An incomprehensible but potent tip came swiftly from my Mother after we delivered her tipsy neighbor back home.“Good fences make good neighbors,” she whispered. Much later I discovered the poetic origins of the advice; Robert Frost penned the sage counsel. I waited for discernment.

The revelation floated in just last night disguised as a perfect 70 degree evening. I felt it in my bones because when the air is light, I’m drawn to the patio or front porch for a deep breath of beauty. It’s an intake to the backbone that I expect to share with a host of souls.

My next door neighbor and I never discussed such things, but I know she often patrolled the perimeter of her house as I do mine. I also know that we shared a zany love of life and some inexplicable fears that sneak out sideways.

We had just settled-in back home after her funeral. She lived next door to us in the white brick house for 35 years. I counted on her in the realm of what is taken for granted: underpinnings that allow the deep sense that all is well – clean water, electricity…. a rock solid someone next door who you know, but don’t know well enough to begin the critical litany that arrives with familiarity.

When we moved into our house, she was the gracious lady from my childhood who flitted around the country club pool. She was known to erupt in life-giving laughter. Ever-changing wigs and bathing suits were her signature.

After she was gone, her daughter and I dared to discuss the truth of a wardrobe of wigs – a meticulous testimony to an early loss of hair. This must have alarmed her vanity being the Princess of Swimming as a young beauty at college, but she wore it well enough always colorfully dressed and carefully groomed.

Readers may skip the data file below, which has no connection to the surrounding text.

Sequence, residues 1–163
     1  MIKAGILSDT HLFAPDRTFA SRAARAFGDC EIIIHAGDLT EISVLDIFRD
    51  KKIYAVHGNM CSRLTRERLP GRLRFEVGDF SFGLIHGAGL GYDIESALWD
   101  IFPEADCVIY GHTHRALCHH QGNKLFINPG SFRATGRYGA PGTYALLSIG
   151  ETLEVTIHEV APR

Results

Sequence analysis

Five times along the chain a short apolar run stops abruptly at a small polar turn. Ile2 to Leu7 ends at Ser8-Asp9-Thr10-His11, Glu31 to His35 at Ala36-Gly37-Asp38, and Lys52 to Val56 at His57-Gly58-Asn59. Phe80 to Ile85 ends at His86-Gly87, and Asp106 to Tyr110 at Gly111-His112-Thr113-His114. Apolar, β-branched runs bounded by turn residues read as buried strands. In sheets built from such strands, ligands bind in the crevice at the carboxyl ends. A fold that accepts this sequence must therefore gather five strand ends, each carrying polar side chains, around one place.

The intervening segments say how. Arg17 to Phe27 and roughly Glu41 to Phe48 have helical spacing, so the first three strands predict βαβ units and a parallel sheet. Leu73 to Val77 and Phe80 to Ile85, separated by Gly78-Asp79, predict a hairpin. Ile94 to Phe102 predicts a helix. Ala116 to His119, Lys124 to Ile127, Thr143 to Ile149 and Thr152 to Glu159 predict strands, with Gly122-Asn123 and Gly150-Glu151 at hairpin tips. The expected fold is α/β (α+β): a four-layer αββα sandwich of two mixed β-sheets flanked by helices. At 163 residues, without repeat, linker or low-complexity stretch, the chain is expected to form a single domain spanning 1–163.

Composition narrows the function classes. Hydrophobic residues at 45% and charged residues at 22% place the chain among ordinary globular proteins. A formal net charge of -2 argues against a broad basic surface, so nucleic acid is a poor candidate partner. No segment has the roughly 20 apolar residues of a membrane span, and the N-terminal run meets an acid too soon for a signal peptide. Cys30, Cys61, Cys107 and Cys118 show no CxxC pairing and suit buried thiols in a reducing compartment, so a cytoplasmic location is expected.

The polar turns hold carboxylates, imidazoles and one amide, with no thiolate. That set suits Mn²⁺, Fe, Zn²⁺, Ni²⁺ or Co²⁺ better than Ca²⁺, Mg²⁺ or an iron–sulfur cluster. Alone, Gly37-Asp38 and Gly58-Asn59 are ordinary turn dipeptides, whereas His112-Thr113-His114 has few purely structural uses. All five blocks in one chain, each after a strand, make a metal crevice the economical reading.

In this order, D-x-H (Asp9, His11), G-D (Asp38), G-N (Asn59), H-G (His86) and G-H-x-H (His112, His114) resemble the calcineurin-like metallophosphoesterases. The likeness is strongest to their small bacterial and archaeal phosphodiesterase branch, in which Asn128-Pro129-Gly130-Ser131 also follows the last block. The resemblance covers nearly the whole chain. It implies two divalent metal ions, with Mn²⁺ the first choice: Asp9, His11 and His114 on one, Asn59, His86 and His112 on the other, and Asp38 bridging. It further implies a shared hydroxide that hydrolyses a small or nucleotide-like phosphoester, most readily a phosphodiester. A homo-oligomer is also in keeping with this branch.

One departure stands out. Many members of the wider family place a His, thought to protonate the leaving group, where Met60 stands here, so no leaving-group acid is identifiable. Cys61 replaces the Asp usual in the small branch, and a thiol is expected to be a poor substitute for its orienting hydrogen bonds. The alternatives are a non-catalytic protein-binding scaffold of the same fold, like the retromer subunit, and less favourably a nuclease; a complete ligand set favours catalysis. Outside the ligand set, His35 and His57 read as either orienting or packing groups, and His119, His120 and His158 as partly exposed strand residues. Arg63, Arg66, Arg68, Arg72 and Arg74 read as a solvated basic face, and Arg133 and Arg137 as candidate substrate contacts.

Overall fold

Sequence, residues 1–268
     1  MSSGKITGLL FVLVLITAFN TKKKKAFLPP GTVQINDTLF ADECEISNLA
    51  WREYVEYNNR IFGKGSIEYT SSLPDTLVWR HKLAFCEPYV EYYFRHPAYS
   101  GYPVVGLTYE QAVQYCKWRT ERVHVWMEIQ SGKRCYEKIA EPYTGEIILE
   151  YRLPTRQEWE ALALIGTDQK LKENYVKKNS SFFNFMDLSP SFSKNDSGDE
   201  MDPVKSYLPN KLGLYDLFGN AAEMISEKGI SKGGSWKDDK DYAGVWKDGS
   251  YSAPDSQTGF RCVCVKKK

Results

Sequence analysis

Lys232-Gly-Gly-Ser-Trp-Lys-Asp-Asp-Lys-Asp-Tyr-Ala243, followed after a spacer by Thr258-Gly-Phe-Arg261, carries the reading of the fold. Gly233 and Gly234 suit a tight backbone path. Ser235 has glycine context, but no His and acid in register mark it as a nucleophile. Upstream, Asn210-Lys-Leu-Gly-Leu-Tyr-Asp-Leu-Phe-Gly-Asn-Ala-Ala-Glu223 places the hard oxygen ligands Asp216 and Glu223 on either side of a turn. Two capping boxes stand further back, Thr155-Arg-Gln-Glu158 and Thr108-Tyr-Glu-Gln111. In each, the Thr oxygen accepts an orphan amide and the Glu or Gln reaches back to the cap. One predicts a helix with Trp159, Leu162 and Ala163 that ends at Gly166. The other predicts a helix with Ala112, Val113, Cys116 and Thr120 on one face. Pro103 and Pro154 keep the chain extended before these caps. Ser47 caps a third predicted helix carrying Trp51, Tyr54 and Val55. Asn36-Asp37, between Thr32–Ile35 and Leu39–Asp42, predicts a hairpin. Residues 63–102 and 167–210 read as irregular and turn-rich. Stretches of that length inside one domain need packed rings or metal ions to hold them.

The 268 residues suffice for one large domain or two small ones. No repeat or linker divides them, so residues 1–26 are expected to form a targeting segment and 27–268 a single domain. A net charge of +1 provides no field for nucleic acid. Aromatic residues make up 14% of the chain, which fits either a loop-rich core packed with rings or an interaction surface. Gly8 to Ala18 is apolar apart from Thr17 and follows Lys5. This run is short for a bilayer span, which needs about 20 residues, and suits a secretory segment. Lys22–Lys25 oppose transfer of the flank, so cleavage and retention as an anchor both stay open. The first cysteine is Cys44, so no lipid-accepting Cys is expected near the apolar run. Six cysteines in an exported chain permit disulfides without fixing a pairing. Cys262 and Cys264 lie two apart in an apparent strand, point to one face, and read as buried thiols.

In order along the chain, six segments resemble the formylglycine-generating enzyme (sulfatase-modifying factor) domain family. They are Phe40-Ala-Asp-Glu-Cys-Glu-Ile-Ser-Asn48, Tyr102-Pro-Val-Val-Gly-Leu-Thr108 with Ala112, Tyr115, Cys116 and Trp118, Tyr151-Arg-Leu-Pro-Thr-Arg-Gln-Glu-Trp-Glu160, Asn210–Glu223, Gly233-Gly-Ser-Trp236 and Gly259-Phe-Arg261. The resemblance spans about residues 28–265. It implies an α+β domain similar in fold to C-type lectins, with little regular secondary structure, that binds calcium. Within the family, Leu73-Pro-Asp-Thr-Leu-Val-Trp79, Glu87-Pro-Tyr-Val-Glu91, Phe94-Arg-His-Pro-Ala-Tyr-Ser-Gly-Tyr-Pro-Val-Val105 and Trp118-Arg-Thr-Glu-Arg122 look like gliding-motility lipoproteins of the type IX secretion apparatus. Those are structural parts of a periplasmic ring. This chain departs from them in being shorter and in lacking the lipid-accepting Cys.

What a revelation to discover that she had been the Chief Medical Technologist at our regional hospital since 1958, a leader in the field for Tennessee and a trainer of young technologists. Her early days were made up of a work family who enjoyed each other so much that they met after church to eat in the hospital cafeteria.

Through the decades, pieces of our lives came together, the zig zag of information that endeared our families not across a fence, but over the crooked brick edging along her driveway. She once asked me what color to paint the bricks. I said certainly not white maybe the color of grass to aid in its disappearance. This elicited the only frown I ever saw on her.

At some point in the late afternoon we became synchronistic in mailbox retrieval. She was always ready with a compliment and pleasant questions about our children. We appreciated the music that floated from her deck to our patio. The noise of our garage door opening and closing was comical to her.

We witnessed the death of her family dog, her husband Butch, her daughter Bettie Lynn. She saw me walk the street in grief after my mother’s death and attended my uncertainty when our girls left home and my father began to have health challenges.

We were enlivened by a long term boyfriend or two that she took and her steadfast trips to the beach.

Somewhere along the way she asked us to cut a juicy tree which hovered over the exacting path from her car to her backdoor. Could we help her out – purple stains clung to her shoes as she entered the bright Florida room that welcomed regular callers.

We took a moment at her casket and considered her tropical colored suit and sporty wig. Tears sprang when the funeral home sound system piped in Moon River by Andy Williams. The Baptist minister suggested that we think of her dash – the line between birth and death.

People smiled. Instantly I thought of her good humor and robust way of exchange; how she became Ms Santa Claus each year for the hospital sashaying over as a surprise for Quinn’s early December birthday.

The night air made me light headed or was it the intake of her vacant house bright and newly fluffed from her daughters who after a bedside vigil sprang into action and cleaned and weeded and planted electric-colored flowers about the perimeter.

Regrets roll in. We never really had that heart to heart, but as I began to walk toward the place where we often recited our stories, I realized that what we had was enough to span the gorgeous journey from the flamboyancy of youth to the timidity of old age.